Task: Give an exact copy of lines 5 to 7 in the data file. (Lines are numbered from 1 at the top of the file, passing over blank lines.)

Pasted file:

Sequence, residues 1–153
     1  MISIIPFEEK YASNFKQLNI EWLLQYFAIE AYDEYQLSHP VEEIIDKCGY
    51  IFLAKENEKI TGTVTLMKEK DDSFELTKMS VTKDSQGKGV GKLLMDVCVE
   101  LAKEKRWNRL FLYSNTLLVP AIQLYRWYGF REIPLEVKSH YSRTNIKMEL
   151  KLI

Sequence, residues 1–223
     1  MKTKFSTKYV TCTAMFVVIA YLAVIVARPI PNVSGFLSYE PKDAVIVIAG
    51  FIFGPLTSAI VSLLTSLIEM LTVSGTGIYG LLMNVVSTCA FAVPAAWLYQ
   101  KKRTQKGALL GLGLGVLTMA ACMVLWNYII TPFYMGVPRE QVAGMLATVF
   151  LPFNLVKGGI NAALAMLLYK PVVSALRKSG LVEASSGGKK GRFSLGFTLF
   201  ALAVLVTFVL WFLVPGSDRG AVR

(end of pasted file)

   151  KLI

Sequence, residues 1–223
     1  MKTKFSTKYV TCTAMFVVIA YLAVIVARPI PNVSGFLSYE PKDAVIVIAG